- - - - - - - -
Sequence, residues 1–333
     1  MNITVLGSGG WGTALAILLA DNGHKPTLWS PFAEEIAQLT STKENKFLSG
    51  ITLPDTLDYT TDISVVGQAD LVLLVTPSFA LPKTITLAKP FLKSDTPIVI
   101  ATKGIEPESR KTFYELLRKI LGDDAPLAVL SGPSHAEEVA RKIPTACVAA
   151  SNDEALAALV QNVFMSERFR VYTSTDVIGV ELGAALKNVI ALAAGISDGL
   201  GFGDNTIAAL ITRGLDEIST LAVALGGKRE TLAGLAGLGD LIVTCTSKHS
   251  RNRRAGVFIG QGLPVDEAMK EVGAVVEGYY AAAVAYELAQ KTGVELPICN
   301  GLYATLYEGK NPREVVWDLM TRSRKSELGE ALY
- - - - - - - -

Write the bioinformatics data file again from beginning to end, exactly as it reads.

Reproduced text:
Sequence, residues 1–333
     1  MNITVLGSGG WGTALAILLA DNGHKPTLWS PFAEEIAQLT STKENKFLSG
    51  ITLPDTLDYT TDISVVGQAD LVLLVTPSFA LPKTITLAKP FLKSDTPIVI
   101  ATKGIEPESR KTFYELLRKI LGDDAPLAVL SGPSHAEEVA RKIPTACVAA
   151  SNDEALAALV QNVFMSERFR VYTSTDVIGV ELGAALKNVI ALAAGISDGL
   201  GFGDNTIAAL ITRGLDEIST LAVALGGKRE TLAGLAGLGD LIVTCTSKHS
   251  RNRRAGVFIG QGLPVDEAMK EVGAVVEGYY AAAVAYELAQ KTGVELPICN
   301  GLYATLYEGK NPREVVWDLM TRSRKSELGE ALY